The preterm birth rate in the United States continues to rise, and the long-term consequences of prematurity are innumerable. Late preterm births account for most of the rise in preterm births, and such infants have increased morbidity and mortality compared with their term counterparts. Delivery indications for late preterm births include preterm labor, maternal comorbidities (diabetes, hypertensive disorders), multiple gestations, and fetal problems (abnormal growth, amniotic fluid abnormalities). In a pregnancy with these high-risk issues, delivery timing is determined to optimize maternal and fetal health and minimize the risk for stillbirth. Labor inductions and cesarean deliveries may account for a significant proportion of late preterm births. Following guidelines established by prior studies can prevent some of these late preterm births.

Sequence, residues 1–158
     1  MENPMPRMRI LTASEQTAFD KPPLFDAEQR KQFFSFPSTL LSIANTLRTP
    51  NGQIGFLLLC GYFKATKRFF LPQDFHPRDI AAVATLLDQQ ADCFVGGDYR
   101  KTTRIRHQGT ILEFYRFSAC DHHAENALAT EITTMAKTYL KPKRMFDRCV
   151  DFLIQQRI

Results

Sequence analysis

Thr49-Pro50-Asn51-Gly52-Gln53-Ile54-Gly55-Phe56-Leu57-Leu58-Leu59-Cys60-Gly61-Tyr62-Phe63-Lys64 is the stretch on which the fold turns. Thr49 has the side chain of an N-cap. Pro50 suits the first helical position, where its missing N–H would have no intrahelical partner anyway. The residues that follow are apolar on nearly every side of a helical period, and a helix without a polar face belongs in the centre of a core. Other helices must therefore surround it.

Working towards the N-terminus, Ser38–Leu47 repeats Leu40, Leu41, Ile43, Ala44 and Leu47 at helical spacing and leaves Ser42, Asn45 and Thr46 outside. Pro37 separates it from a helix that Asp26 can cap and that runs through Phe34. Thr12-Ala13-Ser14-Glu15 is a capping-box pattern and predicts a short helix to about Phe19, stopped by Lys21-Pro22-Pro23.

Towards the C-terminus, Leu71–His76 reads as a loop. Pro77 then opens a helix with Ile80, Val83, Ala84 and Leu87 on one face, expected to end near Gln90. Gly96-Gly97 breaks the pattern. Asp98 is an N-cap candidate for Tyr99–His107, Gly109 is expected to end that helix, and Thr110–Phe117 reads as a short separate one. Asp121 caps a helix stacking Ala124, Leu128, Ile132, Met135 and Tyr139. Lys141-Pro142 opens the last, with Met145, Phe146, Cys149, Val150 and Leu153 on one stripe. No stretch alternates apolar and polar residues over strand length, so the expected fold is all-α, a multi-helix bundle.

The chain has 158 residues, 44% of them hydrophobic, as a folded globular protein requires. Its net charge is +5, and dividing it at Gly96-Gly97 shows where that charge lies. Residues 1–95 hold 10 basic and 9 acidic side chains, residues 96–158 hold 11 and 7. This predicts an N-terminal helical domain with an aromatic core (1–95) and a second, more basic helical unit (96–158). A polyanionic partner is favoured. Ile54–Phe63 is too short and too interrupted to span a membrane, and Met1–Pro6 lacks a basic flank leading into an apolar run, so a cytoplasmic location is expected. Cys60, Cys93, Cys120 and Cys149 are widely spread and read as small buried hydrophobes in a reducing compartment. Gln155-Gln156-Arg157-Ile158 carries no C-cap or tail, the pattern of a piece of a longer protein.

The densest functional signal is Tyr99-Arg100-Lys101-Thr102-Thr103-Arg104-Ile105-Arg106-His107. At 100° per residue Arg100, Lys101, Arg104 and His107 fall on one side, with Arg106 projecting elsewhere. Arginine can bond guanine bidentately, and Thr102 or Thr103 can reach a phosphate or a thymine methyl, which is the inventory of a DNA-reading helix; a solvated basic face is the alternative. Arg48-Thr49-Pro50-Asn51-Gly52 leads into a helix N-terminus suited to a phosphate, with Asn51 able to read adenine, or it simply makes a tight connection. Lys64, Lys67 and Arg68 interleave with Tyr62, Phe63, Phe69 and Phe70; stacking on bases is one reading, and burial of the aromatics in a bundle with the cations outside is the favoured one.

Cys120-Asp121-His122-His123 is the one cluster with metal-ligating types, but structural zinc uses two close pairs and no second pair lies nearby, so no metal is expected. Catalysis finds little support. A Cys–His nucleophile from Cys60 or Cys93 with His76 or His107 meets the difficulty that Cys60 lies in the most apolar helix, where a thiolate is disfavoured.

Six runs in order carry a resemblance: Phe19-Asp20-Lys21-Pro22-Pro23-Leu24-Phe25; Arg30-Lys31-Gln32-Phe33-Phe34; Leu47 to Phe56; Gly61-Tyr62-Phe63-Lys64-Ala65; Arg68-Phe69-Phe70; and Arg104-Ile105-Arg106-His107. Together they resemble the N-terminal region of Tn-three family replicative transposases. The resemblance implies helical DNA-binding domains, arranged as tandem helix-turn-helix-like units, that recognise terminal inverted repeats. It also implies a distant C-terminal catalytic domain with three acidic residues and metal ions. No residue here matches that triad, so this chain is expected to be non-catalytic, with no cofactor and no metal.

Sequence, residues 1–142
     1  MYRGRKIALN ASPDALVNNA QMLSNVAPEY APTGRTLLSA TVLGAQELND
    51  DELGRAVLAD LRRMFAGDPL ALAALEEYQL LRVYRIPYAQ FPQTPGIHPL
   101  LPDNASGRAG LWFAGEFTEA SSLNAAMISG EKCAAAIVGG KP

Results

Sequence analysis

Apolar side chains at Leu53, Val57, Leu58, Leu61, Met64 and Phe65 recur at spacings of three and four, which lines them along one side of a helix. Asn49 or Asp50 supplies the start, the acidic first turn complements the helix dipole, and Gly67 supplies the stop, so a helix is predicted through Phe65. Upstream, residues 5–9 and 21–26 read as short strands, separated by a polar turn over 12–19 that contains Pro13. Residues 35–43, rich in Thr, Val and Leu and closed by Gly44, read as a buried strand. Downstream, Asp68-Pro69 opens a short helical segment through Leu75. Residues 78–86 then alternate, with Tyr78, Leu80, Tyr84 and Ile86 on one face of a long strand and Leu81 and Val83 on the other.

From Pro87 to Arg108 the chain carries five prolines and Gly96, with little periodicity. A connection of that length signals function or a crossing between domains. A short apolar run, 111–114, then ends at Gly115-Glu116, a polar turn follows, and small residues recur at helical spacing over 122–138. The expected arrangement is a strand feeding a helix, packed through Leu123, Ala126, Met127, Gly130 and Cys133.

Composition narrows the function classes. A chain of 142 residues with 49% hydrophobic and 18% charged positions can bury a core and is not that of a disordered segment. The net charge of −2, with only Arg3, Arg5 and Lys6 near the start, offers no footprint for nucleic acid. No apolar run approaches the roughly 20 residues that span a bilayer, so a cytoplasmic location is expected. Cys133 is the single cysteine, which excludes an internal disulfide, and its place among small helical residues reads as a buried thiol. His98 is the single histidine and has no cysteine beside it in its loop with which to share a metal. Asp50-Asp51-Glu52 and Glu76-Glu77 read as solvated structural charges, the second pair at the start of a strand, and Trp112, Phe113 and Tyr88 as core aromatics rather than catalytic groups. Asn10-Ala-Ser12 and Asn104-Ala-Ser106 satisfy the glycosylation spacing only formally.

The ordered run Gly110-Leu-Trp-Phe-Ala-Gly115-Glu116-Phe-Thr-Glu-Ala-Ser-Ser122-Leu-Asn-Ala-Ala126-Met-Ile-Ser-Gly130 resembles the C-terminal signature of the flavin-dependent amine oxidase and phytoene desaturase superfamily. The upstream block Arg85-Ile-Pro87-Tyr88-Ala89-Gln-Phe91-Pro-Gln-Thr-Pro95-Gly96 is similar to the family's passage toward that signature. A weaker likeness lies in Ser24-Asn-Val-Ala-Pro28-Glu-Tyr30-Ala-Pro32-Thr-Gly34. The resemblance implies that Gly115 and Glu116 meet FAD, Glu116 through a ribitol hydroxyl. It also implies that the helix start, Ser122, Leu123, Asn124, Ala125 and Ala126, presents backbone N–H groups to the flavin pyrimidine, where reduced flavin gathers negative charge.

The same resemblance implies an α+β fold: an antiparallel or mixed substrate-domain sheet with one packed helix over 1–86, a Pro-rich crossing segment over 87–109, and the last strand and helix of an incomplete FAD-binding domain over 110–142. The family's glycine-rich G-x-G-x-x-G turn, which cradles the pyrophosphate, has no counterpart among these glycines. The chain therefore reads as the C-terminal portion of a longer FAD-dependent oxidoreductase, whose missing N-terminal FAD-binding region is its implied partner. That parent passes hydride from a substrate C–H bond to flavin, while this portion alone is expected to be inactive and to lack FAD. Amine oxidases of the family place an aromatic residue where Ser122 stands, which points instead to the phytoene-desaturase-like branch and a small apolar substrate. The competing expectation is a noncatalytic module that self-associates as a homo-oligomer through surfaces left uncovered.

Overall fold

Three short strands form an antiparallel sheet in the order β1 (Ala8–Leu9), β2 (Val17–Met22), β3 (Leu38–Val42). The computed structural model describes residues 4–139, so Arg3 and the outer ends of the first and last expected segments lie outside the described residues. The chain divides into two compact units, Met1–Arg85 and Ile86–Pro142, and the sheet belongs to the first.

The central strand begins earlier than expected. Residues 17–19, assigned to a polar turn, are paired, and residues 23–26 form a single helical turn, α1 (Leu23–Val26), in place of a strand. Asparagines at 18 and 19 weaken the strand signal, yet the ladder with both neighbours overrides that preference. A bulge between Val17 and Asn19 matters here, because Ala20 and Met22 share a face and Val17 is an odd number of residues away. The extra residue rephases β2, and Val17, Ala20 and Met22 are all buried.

ASJC Scopus subject areas
- Pediatrics, Perinatology, and Child Health